"To what or whom is it being done?"

So let's take it step-by-step using the above example:

What is the verb? read

What is being verbed (read)? a chapter

To what/whom is the chapter read? me

Therefore the direct object is 'a chapter' and the indirect object is 'me.'

Let's try that again with a different example.

Sally owed Lassie her life.

What is the verb? owed

What is being verbed (owed)? her life

To what/whom is the life owed? Lassie

Therefore the direct object is 'her life,' and the indirect object is 'Lassie.'

Indirect Object or Object of the Preposition?

There's an area of disagreement in the world of indirect objects, and that's the difference between an indirect object and an object of the preposition.

Take the following example:

Can you read a chapter to me?

Some would say that 'me' is still the indirect object here since it's still the person receiving the direct object 'chapter.' But others would argue that because it's preceded by the preposition 'to' and it's placed after the direct object, not before it, it should be called an object of the preposition and that it doesn't count as an indirect object.

Which of the two is it? That's kind of up to you. What makes the most sense in your mind? You're welcome to decide for yourself or consult your usual style guide.

Which style you use - indirect object alone or indirect object preceded by a preposition - is also up to you.

Using a preposition has the advantage of giving you more control over where in the sentence you want the indirect object to be. But it has the disadvantage of not being considered an indirect object by some.

Indirect Objects and Verbs

As you may already know, there are different types of verbs in the English language, and not all of them work well with indirect objects.

Let's find which ones do, which ones don't, and why.

Ditransitive Verbs

The only types of verb that you'll find in the same sentence as an indirect object are ditransitive. Transitive and intransitive verbs are incompatible with indirect objects.

In case you need a refresher:

  • Transitive verbs need an indirect object but can't take an indirect object.
  • Intransitive verbs have no object at all.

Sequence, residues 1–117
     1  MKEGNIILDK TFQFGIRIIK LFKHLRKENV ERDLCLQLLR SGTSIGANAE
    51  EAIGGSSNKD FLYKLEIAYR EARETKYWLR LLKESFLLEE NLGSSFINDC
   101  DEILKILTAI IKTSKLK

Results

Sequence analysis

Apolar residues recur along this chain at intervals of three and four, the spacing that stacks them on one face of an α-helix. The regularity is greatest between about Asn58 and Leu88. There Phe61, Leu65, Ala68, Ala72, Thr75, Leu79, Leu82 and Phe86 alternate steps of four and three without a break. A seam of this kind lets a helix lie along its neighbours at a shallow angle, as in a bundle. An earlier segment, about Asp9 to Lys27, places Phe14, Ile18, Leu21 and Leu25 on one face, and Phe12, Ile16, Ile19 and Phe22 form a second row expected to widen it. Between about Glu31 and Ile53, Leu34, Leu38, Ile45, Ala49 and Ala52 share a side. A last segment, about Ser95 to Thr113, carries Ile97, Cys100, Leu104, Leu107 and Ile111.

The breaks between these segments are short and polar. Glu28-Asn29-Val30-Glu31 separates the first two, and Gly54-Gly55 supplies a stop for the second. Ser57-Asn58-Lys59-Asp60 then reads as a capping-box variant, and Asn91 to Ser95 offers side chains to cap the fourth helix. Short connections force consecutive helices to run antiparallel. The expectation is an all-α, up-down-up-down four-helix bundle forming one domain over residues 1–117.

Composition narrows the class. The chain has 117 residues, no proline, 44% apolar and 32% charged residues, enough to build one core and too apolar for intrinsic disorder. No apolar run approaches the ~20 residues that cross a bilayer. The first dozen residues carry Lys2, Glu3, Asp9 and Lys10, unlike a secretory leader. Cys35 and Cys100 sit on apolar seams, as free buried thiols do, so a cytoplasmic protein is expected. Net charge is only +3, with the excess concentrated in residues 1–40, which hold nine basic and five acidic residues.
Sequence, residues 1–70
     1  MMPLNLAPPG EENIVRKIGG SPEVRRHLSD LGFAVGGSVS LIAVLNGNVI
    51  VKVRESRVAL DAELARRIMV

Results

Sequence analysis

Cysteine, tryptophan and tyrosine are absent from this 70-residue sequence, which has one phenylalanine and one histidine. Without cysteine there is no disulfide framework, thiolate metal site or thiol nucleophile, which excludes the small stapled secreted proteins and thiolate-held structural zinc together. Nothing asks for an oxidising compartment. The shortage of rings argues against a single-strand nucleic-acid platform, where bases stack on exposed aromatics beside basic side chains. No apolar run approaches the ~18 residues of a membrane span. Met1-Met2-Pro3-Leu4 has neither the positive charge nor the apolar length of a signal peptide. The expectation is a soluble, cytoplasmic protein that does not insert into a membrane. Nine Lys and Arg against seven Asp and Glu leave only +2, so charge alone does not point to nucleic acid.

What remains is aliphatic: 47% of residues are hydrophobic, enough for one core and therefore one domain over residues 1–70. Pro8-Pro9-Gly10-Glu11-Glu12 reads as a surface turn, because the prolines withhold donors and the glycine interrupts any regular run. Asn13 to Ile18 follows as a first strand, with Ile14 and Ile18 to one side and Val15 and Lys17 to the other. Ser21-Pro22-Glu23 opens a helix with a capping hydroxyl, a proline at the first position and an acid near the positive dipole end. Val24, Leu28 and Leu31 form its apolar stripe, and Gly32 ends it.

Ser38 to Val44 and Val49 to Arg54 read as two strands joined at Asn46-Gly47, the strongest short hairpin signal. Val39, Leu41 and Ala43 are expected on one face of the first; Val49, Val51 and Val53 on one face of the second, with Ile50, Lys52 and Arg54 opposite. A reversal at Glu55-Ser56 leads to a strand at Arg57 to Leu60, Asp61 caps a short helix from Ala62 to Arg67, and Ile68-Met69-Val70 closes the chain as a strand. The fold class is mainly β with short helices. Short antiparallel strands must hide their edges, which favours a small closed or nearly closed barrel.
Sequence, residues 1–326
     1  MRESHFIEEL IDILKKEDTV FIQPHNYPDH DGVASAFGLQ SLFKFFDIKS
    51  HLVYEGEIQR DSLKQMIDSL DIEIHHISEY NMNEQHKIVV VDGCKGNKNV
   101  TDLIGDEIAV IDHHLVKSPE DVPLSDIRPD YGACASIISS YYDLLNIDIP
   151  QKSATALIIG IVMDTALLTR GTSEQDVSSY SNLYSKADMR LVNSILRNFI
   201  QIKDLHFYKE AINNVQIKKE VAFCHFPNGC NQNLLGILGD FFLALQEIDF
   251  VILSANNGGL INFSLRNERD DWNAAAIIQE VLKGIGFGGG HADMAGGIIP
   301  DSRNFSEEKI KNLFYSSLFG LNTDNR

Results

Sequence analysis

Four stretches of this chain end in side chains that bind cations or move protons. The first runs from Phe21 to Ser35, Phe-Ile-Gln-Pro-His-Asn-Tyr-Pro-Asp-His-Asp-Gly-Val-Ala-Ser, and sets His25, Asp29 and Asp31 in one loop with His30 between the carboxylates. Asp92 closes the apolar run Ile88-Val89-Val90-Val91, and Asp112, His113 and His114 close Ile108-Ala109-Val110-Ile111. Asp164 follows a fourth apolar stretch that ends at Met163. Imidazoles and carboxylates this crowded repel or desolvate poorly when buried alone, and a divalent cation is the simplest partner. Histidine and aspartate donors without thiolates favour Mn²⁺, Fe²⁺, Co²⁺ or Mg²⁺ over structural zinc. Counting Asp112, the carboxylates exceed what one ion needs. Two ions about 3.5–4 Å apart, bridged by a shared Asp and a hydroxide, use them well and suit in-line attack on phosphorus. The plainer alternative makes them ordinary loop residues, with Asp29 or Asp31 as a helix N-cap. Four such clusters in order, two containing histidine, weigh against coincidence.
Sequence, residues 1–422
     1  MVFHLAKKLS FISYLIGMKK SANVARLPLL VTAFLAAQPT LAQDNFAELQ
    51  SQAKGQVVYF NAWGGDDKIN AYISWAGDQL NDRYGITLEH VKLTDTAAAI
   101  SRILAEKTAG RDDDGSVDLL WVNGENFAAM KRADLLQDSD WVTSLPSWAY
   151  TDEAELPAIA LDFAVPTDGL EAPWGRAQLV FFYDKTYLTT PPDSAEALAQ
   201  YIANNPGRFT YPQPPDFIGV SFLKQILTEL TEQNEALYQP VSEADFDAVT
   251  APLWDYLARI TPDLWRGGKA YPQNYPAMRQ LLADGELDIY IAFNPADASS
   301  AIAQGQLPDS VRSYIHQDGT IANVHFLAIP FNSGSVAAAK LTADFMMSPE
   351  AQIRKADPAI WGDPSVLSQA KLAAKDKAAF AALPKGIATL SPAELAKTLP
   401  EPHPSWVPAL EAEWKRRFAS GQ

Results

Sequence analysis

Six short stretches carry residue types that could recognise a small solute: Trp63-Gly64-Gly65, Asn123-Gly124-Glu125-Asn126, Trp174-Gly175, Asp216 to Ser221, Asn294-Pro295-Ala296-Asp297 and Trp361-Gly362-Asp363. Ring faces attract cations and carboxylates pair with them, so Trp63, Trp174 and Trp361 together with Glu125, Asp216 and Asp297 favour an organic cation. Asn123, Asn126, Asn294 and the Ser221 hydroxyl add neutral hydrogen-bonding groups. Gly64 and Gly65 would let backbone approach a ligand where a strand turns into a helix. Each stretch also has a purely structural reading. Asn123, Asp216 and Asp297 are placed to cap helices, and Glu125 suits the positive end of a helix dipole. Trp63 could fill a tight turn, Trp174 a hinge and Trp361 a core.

• Ditransitive can have both a direct and an indirect object.

The thing about ditransitive verbs, though, is that they don't need an indirect object. So you might still see them with just a direct object or with no object at all. But if there is an indirect object, then you can be sure that the verb is ditransitive.

Linking Verbs

Indirect objects are not compatible with linking verbs. As a reminder, linking verbs don't indicate an action; they are more descriptive in nature.

Here are some linking verbs:

  • Be
  • Become
  • Smell
  • Taste
  • Look
  • Seem

As I mentioned earlier, indirect objects need a direct object, and a direct object needs an action. So if there's no action, there can be no direct object, which means there can be no indirect object.

Examples of Indirect Objects

Okay, now that we've covered the basics, The best way to learn to recognize indirect objects and know where to place them in your own sentences is with practice. On that note, let's have a look at some more examples of sentences with an indirect object.

He gave the whole house a spring clean.

Don't ask me questions because I don't have answers.

She made him a hot cup of coffee.

I got our dogs some Easter treats.

The boy gave his new friend his favorite truck to play with.

Concluding Thoughts

That concludes this article on indirect objects. I hope you found it helpful.

Let's summarize what we've learned about indirect objects:

  • A person or thing that is receiving the direct object;
  • It can be a noun, pronoun, or phrase;
  • Are placed directly after the verb and before the direct object;
  • They are compatible with ditransitive verbs only.

If you found this article, head to our free online Grammar Book where you'll find complex grammatical concepts simplified.

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Written By:
Carly Forsaith
Carly Forsaith is one of the lead freelance writers for Carly is a copywriter who has been writing about the English language for over 3 years. Before that, she was a teacher in Thailand, helping people learn English as a second language. She is a total grammar nerd and spends her time spotting language errors on signs and on the internet.